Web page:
In 2009, approximately 18.8% of the Zambian population had electricity access. In 2008, the urban access rate was 44%, with the rural access rate being just 2.2%.Only 16.7% of households in Zambia have access to electricity. The majority of the population relies heavily on charcoal and firewood for heating and cooking, whilst candles and kerosene are used for lighting.The major power stations are linked via a transmission and distribution network of 2,008 km of 330 kV lines, 548 km of 220 kV lines, 85 km of 132 kV lines, 704 km of 88 kV lines, and 3,014 km of 66 kV lines. Further distribution occurs on over 6,500 km of 33 kV and 11 kV lines.
The development plans based on the Energy Policy 1994, and the succeeding policy in May 2008, have put more emphasis on grid hydro-electricity compared to other renewable energy technologies. These plans include the Poverty Reduction Strategy Paper (PRSP), Transitional National Development Plan (TNDP) (2002-2005), the Fifth National Development Plan (FNDP) (2006-2010), and the Sixth National Development Plan (2011-2015). The PRSP acknowledges the importance of harnessing renewable energy resources to meet the country’s energy needs. However, no investment strategy or targets for renewable energy technologies are defined in the PRSP and the main focus is on hydropower. The Sixth NDP sets out specific goals for the energy sector, including increasing capacity by 1,000 MW compared to 2010 levels, improving rural and national electrification to 15% and 40% respectively, and increasing the capacity of petroleum bulk storage facilities, to enable the storage of 30 days of strategic stock. Programme goals under the NDP include:implementing a cost-effective electricity tariff regime,establishing an open and non-discriminatory transmission access regime in the sector,introducing and appropriate cost-effective renewable energy feed-in tariff,promoting the use of biogas for cooking, lighting and electricity generation,increase biofuel substitution for mineral oil to 10%, anddevelop a Biomass Energy Strategy, to improve the sustainability and effectiveness of biomass supply.Also covered under the Sixth NDP are plans to further implement the Rural Electrification Master Plan (REMP), build capacity in the engineering sector for energy efficiency and develop an Energy Efficiency Plan, and further develop the environmental technology industry in the country, with an incentive framework.The National Energy Policy 2008 also sets out a number of policy measures for renewable energy, including the investigation of RE potentials, the strengthening of the institutional framework for RE research and development, and the provision of financial and fiscal implements for the stimulation of RE deployment.Energy & Environmental Concerns for Zambia (EECZ), a grouping of researchers, academics and policy makers have the following objectives:- To contribute to the development, promotion and wider use of energy in a sustainable manner,- To provide a forum for interaction and exchange of ideas between individuals and organisations involved in the planning, development and sustainable utilisation of energy,- To foster education, scientific research and development and the nation-wide dissemination of information in energy and the environment.The Global Village Energy Partnership (GVEP), in association with the Department of Energy, and the Ministry of Energy and Water Development, are working on a mechanism to increase access to reliable, affordable, and environmentally sustainable energy services as a means of enhancing economic and social development.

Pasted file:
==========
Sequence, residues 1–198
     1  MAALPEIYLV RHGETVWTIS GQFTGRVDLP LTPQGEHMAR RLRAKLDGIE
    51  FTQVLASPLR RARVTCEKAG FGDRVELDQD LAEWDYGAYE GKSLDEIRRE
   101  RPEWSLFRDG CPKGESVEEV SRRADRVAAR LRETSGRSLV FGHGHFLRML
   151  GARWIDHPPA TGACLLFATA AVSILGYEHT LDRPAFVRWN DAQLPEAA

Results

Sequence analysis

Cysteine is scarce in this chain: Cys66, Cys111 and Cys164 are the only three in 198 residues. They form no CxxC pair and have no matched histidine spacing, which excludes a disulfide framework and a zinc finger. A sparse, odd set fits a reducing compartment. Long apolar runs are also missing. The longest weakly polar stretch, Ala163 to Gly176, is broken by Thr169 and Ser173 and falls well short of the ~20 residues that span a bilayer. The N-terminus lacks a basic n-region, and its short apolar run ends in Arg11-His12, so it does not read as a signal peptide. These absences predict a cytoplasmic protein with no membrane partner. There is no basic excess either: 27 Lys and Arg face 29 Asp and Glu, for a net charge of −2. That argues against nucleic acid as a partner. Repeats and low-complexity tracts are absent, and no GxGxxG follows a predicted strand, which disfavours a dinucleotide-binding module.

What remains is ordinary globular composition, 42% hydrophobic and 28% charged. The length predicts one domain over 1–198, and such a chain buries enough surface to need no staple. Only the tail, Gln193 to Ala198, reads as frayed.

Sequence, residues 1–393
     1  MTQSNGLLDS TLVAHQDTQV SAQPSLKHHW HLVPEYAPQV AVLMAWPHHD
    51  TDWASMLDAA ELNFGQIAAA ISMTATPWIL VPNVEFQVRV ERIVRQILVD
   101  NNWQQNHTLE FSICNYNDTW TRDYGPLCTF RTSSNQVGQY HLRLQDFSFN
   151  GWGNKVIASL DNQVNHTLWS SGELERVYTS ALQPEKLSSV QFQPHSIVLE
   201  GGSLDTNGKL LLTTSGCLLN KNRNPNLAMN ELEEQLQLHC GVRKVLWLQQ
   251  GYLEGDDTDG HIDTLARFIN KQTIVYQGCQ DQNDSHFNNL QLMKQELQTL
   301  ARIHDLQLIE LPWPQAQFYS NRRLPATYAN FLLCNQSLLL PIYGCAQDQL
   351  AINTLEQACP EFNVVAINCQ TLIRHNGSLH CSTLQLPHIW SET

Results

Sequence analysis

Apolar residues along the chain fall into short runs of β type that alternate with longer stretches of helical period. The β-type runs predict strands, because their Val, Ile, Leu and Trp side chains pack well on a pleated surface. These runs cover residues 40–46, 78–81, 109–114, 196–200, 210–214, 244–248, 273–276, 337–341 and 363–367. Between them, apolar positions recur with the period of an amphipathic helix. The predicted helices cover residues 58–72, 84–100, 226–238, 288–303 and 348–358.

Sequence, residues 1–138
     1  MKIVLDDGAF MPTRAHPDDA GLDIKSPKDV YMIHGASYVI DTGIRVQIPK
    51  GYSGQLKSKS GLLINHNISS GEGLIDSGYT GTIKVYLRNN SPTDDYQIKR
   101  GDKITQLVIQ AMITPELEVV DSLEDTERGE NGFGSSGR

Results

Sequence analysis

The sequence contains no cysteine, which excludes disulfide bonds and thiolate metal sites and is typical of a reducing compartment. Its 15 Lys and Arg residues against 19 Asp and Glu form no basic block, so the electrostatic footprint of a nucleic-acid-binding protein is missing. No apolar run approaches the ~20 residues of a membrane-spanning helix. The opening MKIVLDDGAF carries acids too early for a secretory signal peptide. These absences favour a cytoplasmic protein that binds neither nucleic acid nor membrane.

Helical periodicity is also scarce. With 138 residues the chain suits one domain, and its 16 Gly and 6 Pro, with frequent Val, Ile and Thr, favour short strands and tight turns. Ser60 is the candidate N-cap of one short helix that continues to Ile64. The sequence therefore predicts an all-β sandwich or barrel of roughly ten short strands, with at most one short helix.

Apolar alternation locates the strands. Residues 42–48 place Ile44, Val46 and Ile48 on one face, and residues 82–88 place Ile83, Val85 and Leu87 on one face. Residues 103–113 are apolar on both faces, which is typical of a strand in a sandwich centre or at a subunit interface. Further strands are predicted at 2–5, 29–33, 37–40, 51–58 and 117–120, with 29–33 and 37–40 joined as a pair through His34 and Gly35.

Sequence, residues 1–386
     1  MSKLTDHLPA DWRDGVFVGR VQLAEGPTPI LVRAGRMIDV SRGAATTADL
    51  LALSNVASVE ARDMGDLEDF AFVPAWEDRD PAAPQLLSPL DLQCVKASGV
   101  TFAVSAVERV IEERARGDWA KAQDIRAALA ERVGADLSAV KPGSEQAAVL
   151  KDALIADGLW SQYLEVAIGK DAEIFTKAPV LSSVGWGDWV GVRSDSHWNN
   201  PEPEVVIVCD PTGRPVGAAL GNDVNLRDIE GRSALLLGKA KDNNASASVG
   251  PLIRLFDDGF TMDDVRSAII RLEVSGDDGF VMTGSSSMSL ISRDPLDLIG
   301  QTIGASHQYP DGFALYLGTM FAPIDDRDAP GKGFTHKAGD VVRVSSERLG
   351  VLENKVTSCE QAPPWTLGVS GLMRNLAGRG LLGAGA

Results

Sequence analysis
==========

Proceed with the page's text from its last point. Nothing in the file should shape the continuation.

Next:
Solar energyAverage solar insolation is roughly 5.5 kWh/m²/day, with approximately 3,000 sunshine hours annually, providing good potential for solar thermal and photovoltaic exploitation. Solar power has previously been proposed as a cost-effective method for rural electrification and a compliment to existing auto-generation in the country. NAPS, a Finland-based company, is planning to set up a solar energy plant in Zambia to provide cost-effective solar kits for people in various parts of the country, in an effort to remove barriers between local solar dealers and manufacturers. Development of the country’s solar resource is still slow, although numerous past projects have proven the effectiveness of solar technology, for example European Union-funded installations in healthcare centres.Wind energyWind speeds average 2.5m/s at 10m above the ground, a speed which is mainly suitable for mechanical applications. Seven areas have been identified as viable for off-grid wind power generation, although little development has occurred. Biomass energy Woodlands and forests are estimated to cover about 50 million hectares or 66 percent of Zambia's total land area. 341,000 units of biogas digesters are currently operational in the country. With ample forest coverage, and dedicated support from the government, an integrated household-level biogas program is a possibility in the country. Bio-gasification is most common in urban compounds. Sugar cane is being grown in three provinces, and processed by three different companies with a projected capacity of 483,000 tonnes of sugar per year. At present no ethanol is being produced by the main sugar growing companies, but Lee Yeast Ltd in Kafue (Lusaka Province) produces ethanol from molasses purchased from Zambia Sugar Plc.Geothermal energy Zambia has geothermal energy potential, although it has not been examined in great detail. Geothermal power installations have been constructed, totalling some 200 kW, but only as a means for assessing potential, and never on a large scale. Over 80 hot springs exist at the 200 kW Kapishya Plant, located in Sumbu on the shores of Lake Tanganyika. More recent surveys were carried out by KENGEN, the Kenyan electricity generation utility.Hydropower Small hydro potential stands at 4 MW. An estimated 17,233 GWh/year was deemed to be economically feasible in 1991. Zambia has an estimated large-hydro power potential of 6,000MW, of which less than 2,000MW has been harnessed. Sites yet to be developed include Kafue Gorge Lower, Itezhi Tezhi, Kalungwishi, Mambilima, Batoka Gorge, Devil’s Gorge, Kabompo, and others.